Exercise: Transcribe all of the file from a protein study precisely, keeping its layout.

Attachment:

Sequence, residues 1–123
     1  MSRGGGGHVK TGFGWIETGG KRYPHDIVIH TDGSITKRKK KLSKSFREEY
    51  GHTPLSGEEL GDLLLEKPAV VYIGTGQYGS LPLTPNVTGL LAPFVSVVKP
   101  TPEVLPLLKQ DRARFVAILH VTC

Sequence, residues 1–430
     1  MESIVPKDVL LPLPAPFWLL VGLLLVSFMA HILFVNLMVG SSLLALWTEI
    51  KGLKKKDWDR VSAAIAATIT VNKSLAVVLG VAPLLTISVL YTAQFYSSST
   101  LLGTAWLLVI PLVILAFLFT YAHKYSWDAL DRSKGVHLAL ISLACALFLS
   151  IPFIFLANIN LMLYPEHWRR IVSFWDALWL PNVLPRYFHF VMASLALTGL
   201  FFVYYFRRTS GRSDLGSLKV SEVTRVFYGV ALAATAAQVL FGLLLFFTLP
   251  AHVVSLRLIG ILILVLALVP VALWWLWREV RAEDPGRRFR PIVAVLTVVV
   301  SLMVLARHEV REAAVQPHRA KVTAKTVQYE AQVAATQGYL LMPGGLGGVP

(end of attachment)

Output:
Sequence, residues 1–123
     1  MSRGGGGHVK TGFGWIETGG KRYPHDIVIH TDGSITKRKK KLSKSFREEY
    51  GHTPLSGEEL GDLLLEKPAV VYIGTGQYGS LPLTPNVTGL LAPFVSVVKP
   101  TPEVLPLLKQ DRARFVAILH VTC

Sequence, residues 1–430
     1  MESIVPKDVL LPLPAPFWLL VGLLLVSFMA HILFVNLMVG SSLLALWTEI
    51  KGLKKKDWDR VSAAIAATIT VNKSLAVVLG VAPLLTISVL YTAQFYSSST
   101  LLGTAWLLVI PLVILAFLFT YAHKYSWDAL DRSKGVHLAL ISLACALFLS
   151  IPFIFLANIN LMLYPEHWRR IVSFWDALWL PNVLPRYFHF VMASLALTGL
   201  FFVYYFRRTS GRSDLGSLKV SEVTRVFYGV ALAATAAQVL FGLLLFFTLP
   251  AHVVSLRLIG ILILVLALVP VALWWLWREV RAEDPGRRFR PIVAVLTVVV
   301  SLMVLARHEV REAAVQPHRA KVTAKTVQYE AQVAATQGYL LMPGGLGGVP